Those who advocate new approaches to management rarely suffer from false modesty. In the face of the crises of modern society, they claim, it is not enough to promise ‘new initiatives’, ‘new processes’, or ‘new structures’ – no, what is needed goes far beyond that. We require a ‘new way of thinking’ and a ‘new self’. It does not suffice to change the ‘structures’ of an organization; the very ‘selves’ of the people within it must be changed to lift them up to the ‘next level of development’.
The term that accompanies the creation of this ‘new self’ that is so well prepared for any challenges that might arise is ‘attitude’. An attitude, it is claimed, is a conviction made up of insights, patterns of thinking, and values, which has the effect of governing the actions of an individual. In the case of attitudes, then, we are not just interested in the individual’s views or opinions; rather, the attitude, or, as managers often refer to it, the ‘mindset’, must clearly reveal itself in the individual’s actual actions.
But ‘attitude’ is one of those terms, like ‘trust’ or ‘esteem’, that sounds suspicious when it is the object of self-praise – ‘I am proud of my attitude’ – or, especially, in the context of demands directed at others: ‘You need to change your attitude.’ In such cases, the implication is that the speaker has already developed an appropriate ‘attitude’ towards the present challenges, whereas others are lagging.
There is a simple reason for the overuse of the term ‘attitude’ by managers. It provides a straightforward explanation for the difficulties they face when trying to introduce new organizational structures within their companies, administrations, or hospitals. If the introduction of a more agile form of organizational structure does not have the desired result, then it is because the employees have not yet developed a sufficiently agile ‘mindset’. If self-organizing teams are not yet functioning in the way that management expects them to function, then it is because the members of the team do not have a sufficiently agile ‘attitude’.
It is hard not to be reminded of the complaints that used to come from the leaders of socialist states, who attributed any and all difficulties to the fact that changing the ‘attitudes’ of the people of an once capitalist society took time. Economic bottlenecks affecting the supply of goods were the fault not of the socialist planned economy itself but of the people, who were not yet thinking in terms of the general good. Similarly, any political protest was seen not as an expression of legitimate grievance but as evidence that people’s ‘mindsets’ still had to change.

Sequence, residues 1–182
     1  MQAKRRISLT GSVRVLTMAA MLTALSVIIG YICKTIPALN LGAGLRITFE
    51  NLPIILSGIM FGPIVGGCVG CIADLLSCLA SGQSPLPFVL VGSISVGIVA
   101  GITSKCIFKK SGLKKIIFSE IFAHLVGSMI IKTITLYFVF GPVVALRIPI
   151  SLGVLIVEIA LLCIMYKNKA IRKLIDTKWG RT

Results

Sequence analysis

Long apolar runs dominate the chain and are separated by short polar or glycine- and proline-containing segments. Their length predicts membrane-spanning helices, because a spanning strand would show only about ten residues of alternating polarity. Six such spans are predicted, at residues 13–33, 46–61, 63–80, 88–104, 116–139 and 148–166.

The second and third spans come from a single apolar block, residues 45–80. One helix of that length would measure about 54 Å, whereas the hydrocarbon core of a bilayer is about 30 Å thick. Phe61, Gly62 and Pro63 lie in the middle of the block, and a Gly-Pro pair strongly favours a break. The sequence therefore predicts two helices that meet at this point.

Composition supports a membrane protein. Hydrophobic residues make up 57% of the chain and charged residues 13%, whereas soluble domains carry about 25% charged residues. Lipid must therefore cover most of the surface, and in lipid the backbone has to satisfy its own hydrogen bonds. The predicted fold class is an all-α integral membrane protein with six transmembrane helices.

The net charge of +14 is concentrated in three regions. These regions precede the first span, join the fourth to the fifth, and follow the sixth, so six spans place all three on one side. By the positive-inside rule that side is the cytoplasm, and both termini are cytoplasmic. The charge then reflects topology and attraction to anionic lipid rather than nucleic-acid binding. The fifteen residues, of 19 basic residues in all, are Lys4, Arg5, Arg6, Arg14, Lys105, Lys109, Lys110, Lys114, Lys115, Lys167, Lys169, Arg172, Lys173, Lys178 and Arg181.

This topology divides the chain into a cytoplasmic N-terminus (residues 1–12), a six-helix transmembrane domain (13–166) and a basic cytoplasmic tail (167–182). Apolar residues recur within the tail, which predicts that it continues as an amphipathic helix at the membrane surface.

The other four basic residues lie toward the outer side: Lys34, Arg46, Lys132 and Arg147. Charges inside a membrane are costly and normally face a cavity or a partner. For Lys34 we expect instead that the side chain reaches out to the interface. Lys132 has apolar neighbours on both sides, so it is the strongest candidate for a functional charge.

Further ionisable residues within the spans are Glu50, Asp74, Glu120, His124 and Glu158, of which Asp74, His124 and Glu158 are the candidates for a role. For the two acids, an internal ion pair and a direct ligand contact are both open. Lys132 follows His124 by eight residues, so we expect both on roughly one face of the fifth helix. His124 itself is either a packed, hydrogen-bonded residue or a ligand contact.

A Case of Personalization
Sociologists describe the obsession with ‘attitude’ in the management literature as a case of ‘personalization’. It is not only in everyday life that we are inclined to explain difficulties, tensions, and disappointments by pointing the finger at some of the people involved – by assuming that it must be someone’s fault, whether because he is ‘ambitious, selfish, lazy, or vain’, or because he is ‘incompetent and lacking experience’. Réne Girard (1986) has shown that this creation of scapegoats through a personalization of responsibility can also be applied to society at large. And in organizations this process is especially pronounced.
Such imputations of personal blame no doubt sometimes serve an important purpose. Because there are many individuals within organizations, there is always someone who can be held responsible for a problem and holding someone responsible for a mistake makes it possible to ignore the mistake itself. Personalization thus relieves the organization of the burden of searching for other causes of the problem, a kind of pursuit that is often paralyzing for the organization.
However, if an organization so overuses ‘attitude’ as an explanation for its problems that it makes a regular habit of engaging in such personalization, it will run into trouble. References to ‘attitude’ then cut short important discussions and thus prevent learning processes from taking place.
This is not to say that people do not or should not have ‘attitudes’. Of course one’s insights and patterns of thinking may well determine one’s decisions and actions. The people who should remove the concept from their vocabulary, however, are managers and consultants. Praising their own attitudes is merely embarrassing but demanding that others adopt a certain attitude is simply inappropriate, quite apart from the fact that the prevalence of the notion of ‘attitude’ is dumbing down organizations.
René Girard, The Scapegoat, Baltimore: Johns Hopkins University Press, 1986.